The H-valve is not true redundancy, I agree. However, those on SB who are opposed to pony bottles (some radically opposed) all point out that complete failures of primary regulator systems are rare (extremely rare). Statistically speaking, an H-valve is really not a bad option. Complete failure meaning that the first stage stops delivering any gas to the second stage in one moment.

    Total, complete, and instantaneous tank/valve failures are even more rare u/w.

    I use a 100cf tank while diving California's kelp forests. That is my reserve for entanglement. I usually come aboard with at least 1500 psi with the 100cf tank and 3000 psi in my pony. The odds of getting entangled, and having a complete primary system failure at the same time are nil. A 100cf tank with an H-valve is an option--not a good one, but an option.

    Again, I would not own an H-valve. Pony bottles are too easy to back-mount upside down or sling. Pony bottles are too easy to fly with. Mine fly regularly and have for more than a decade. How do you fly with a 100cf tank rigged with an H-valve? Not easily, not cheaply.

    Now I am going to ask you to take your instructor hat off.

    I am thankful that we have instructors in sport scuba diving. At the same time I am upset at what instructors are doing to scuba diving. Please, be reasonable. Dive and let dive... dealing with different styles of diving.

    respectfully,
    mm,
     
    FreeFlyFreak and T Mogle like this.
  9. tursiops

    tursiops Marine Scientist and Master Instructor ScubaBoard Supporter

    # of Dives: 2,500 - 4,999
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    He says he travels....in his car. I see no problem with isolated doubles. Sidemount is also a viable option.
    Seriously? Do you honestly think that your personal experience and opinion trumps standards and amalgamated best practices, which are what instructors attempt to promulgate?
     
  10. broncobowsher

    broncobowsher Solo Diver

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    Sidemount a pair of 40s. Same gas (actually a touch more) as a single 80. Light. Easy to transport. Scalable in the future. That would be my first option.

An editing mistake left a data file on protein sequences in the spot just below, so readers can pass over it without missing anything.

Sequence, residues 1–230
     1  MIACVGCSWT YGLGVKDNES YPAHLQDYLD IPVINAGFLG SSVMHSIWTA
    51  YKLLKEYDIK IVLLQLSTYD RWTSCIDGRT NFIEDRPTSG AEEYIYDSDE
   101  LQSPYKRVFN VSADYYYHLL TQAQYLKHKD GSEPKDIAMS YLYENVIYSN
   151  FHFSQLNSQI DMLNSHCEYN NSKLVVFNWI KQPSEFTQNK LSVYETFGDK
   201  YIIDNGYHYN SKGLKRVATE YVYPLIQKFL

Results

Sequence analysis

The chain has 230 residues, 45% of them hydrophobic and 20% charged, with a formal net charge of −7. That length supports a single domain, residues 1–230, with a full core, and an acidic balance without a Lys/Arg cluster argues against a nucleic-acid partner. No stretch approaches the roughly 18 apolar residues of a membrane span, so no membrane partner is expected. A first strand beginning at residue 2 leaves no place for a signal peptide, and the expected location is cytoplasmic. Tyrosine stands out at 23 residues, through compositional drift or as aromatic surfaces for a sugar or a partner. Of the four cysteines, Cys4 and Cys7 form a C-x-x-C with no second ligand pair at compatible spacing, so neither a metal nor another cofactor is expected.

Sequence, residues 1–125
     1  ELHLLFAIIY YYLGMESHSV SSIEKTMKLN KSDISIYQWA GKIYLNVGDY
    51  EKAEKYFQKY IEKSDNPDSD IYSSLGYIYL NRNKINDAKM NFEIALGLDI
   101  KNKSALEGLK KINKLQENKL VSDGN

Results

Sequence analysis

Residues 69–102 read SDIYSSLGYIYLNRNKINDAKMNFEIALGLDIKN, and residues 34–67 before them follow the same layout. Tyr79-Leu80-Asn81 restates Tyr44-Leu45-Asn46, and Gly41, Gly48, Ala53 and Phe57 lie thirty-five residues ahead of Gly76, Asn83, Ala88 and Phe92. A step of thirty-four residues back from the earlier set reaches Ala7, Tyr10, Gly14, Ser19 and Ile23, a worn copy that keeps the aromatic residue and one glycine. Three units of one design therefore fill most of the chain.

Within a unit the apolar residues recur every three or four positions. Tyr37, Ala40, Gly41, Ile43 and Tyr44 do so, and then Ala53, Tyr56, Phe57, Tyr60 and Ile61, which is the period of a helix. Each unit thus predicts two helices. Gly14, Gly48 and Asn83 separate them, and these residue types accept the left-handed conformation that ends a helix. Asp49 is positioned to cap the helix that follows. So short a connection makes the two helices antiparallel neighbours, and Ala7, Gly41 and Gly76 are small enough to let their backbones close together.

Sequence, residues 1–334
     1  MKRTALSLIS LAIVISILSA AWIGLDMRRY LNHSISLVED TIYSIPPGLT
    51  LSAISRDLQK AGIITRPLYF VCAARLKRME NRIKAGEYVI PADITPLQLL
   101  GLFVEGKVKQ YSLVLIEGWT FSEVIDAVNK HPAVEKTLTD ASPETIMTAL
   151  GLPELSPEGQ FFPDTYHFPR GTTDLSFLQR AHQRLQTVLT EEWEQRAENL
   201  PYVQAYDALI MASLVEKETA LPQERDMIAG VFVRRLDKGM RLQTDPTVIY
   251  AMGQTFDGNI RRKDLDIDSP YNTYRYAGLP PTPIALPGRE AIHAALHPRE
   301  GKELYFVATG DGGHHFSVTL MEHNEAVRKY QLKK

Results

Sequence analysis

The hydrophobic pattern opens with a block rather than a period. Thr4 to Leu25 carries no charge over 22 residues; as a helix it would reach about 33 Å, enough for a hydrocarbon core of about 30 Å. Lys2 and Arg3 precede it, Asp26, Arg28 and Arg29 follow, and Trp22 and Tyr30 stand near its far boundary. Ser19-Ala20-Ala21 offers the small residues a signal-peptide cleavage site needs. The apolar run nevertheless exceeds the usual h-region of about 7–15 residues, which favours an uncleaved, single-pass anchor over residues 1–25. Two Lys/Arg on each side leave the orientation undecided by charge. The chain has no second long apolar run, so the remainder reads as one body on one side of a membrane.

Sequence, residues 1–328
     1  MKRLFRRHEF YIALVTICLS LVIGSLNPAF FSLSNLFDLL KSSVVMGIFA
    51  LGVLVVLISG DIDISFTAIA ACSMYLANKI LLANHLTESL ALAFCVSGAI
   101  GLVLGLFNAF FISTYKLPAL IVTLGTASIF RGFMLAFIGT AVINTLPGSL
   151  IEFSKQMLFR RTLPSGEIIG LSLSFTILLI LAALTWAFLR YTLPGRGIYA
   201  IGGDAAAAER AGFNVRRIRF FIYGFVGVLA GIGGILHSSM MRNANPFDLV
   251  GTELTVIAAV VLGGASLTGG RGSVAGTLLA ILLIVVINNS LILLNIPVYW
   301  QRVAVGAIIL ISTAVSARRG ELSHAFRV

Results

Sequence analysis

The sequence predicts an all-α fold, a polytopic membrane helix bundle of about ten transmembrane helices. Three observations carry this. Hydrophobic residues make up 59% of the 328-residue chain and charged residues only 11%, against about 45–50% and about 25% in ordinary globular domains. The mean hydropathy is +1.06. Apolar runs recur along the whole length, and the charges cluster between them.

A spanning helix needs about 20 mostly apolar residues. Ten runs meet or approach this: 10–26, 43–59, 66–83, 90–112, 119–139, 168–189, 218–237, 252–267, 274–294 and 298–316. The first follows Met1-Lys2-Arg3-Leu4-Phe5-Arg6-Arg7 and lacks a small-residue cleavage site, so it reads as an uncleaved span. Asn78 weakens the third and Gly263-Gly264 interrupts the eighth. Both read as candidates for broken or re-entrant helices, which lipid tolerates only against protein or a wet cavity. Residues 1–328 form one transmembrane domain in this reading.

Sounds like you already have a bit of gear so without selling it all off and starting over that changes things a bit. Skip the H-valve, no redundancy for out of air. Get a pony. An AL40 is a bit big, but future proof. AL30 also works. Sling either one of those. Or backmount pony a smaller AL13, they have brackets that allow you to attach it to the side of your existing tank. Any of those will work just fine. What do you want to do? It's your choice. Since you are doing 100' dives, probably going to skip the AL6 option. 2 or 3 Liter bottles are also a viable option. To an extent, what can you find?

    Dive with the pony ON. The off until needed is from the tech world. Even then it is leave all breathable gasses (for the depth you are at) on. Turn off the stuff that you should not be breathing at that depth. Examples are high Oxygen deco gas, off at depth. Low Oxygen bottom gas, off on the surface. Grab the wrong one at the wrong time and thing go bad. But you are dealing with air (or Nitrox) breathable for your whole profile. Leave it on and available.

    Get a decent second reg. When you need it you don't want to be dealing with the cheap econo model. Do a short gauge hose or even a button gauge. You check the air supply before the dive and that is it. If you sling, you can check during the dive. Back mount, let it be. Borrow the tech (sidemount?) neckless to keep it right under your chin. Also take a few breaths off the pony at the start of the dive, make sure you are happy with the performance. Make a few mock bail outs at depth (you can always go back to your main tank) to make sure everything goes as planned. Remember to keep with your plan. The pony should only be there if you screwed up bad or something breaks. The pony is your buddy at this point. Don't ignore it, do use it, do a mock ascent with it every once in a while.

    Enjoy. I'll be out in the water by myself this afternoon. Slinging an AL40 at my side.
     
    T Mogle and Linke Seitentasche like this.